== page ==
April 19, 2016
If you're like most anglers, you've spent some recent time peeking at message boards or other online fishing reports, talking with friends about places they've fished and thinking about your own outings. Spring has long since sprung and summer is coming on quickly, so it's time think seriously about summer fishing plans.
If vacation days are precious and you wish you could use them for fishing and for spending time with family while school is out, a good strategy is to plan a family fishing vacation. In setting such a plan, though, understand that your regular fishing spots might not be thew best places to go.
If your children are young or if fishing is not a major priority for all, it's important to pick a destination that offers easy access, lends itself to basic techniques and likely success, and offers appeals that extend beyond fishing.
With such thoughts in mind, we've selected a handful of destinations in different parts of the state that lend themselves nicely to family fishing vacations.
MYRTLE BEACH PIERS
Beaches and vacations go together, as do oceans and angling opportunities. Saltwater fish of many sorts can be accessed by boat or from the surf, but one of the best ways to tap into good fishing is to walk out onto a pier.
Piers obviously get you away from the beach and to deeper water without need for a boat and provide structure for the fish. Just as important for family outings, it's easy to tote stuff out and set up comfortably for a day of fishing.
Plus, piers get fished a lot during the summer, so current information is easy to gather. Ask about rigs and baits when you pay your pier fee or buy bait at a local shop, and don't be shy about asking questions of other pier fishermen. Most will gladly help, especially when you're out there with your family.
Good pier fishing opportunities are scattered along the entire South Carolina coast, but the best concentration of long ocean-side piers is in the Myrtle Beach area. A pier listing compiled by the South Carolina Department of Natural Resources lists seven piers in Horry County, and all are on the Atlantic Ocean and between 660 and 1206 feet in length. Ask in local bait shops which pier has produced the best recent bite.
Many techniques work well for fishing piers, and the best approach truly depends on your family dynamic and the ways you like to fish. The easiest productive fishing for most family groups is a stationary approach with two-hook bottom rigs (available at any coastal bait shop) and baited with bloodworms, frozen shrimp, squid or whatever is recommended locally. Spots, whiting and flounder are among the many species that might bite.
If you or someone in your group favors a more active approach, casting or jigging a spoon or a jighead rigged with plastic tail and possibly tipped with bait can be extremely effective for various species. Fast presentations, high in the water column, tend attract fast fish like mackerel, while slow bottom pretentions are more likely to produce flounder.
Keep in mind, too, that all pier positions aren't equal, and that farthest out isn't always best (although it can be). Look for clues, like the point where waves break and where you see baitfish, and don't be shy about moving occasionally if the fish don't cooperate at the spot you are fishing.
Most piers charge a fee that includes licensing. To fish from a pier that does not charge a fee or have a pier permit, a saltwater license is required.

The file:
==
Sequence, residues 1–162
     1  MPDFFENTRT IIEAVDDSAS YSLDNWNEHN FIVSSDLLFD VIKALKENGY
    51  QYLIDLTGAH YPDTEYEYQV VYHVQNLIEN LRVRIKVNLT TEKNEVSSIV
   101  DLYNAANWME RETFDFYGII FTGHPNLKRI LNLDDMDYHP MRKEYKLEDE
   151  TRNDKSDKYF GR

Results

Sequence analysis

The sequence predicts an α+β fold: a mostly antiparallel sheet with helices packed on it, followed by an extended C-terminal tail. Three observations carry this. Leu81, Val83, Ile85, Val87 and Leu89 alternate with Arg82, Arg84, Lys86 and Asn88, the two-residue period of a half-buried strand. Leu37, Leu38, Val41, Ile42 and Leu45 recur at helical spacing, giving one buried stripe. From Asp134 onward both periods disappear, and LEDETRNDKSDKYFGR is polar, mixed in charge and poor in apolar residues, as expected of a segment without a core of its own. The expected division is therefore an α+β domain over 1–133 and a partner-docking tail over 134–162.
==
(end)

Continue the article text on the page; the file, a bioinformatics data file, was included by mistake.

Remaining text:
Along The Way
Whether your family prefers ocean splashing and beach sunning; walking a quiet nature trail in Myrtle Beach State Park or kayaking in the marsh; or amusements like miniature golf, music shows, midway rides and waterpark slides, you'll find plenty to do in Myrtle Beach. Planning at home (visitmyrtlebeach.com), before it's all in front of you, can help you prioritize and spare you from getting overwhelmed.
OCONEE STATE PARK
If you want to vacation in the mountains, consider a fishing weekend at Oconee State Park, which is located in Oconee County in the northwestern corner of the state. Two small lakes within the park put family-friendly fishing options in immediate reach, and nearby destinations provide additional opportunities and nice variety.
The two lakes within the park cover 20 and 12 acres and offer a traditional warm-water, small-lake mix of bass, bluegills and channel catfish. Trout also get stocked during the cool months, but those are generally gone by summer vacation time. Private boats are not permitted on the lakes, but the park offers inexpensive rental boats. Foot access, which includes banks and a fishing pier, is good.
Whether you camp or stay in a cabin, you'll have fishing in your back yard because the cabins are on one lake and the campground is on the other. For the simplest and most dependable action, set up your youngest anglers with basic bobber rigs and live crickets and cast around shallow cover.
If your crew wants to try for something larger, switch to small treble hooks, no bobbers and just enough weight to get the bait to the bottom, and bait the trebles with chicken livers for channel catfish. Cast out a few lines and wait.
You might have to move a few times to find the cats. If no rod tips jiggle in 15 or 20 minutes, move to another spot that's either shallower or deeper. Eventually you should land baits close enough to the cats that they can "follow their whiskers" and find you.
Bass can be caught by walking the bank or renting a boat, but the boating approach certainly allows you to hit more spots and gain better casting angles. Typical pond strategies for fairly clear water work. A good approach at Oconee is to downsize, using spinning tackle and Beetle Spins, Rooster Tails and similar offerings for a bass/bluegill mix.